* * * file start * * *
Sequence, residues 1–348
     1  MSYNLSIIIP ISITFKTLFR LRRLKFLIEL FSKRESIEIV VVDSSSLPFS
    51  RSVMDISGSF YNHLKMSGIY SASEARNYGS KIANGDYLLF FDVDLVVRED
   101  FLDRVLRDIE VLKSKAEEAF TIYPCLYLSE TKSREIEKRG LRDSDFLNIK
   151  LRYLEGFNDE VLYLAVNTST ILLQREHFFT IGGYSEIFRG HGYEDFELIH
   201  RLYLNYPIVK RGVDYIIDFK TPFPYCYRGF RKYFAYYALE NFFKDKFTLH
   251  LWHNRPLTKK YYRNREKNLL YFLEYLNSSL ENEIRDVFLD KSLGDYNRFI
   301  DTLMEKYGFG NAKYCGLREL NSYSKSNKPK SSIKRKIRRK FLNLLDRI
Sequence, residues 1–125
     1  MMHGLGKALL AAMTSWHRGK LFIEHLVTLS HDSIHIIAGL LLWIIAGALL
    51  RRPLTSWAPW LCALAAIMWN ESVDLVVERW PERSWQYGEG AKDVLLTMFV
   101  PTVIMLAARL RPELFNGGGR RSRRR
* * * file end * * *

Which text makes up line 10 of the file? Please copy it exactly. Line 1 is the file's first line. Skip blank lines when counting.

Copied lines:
     1  MMHGLGKALL AAMTSWHRGK LFIEHLVTLS HDSIHIIAGL LLWIIAGALL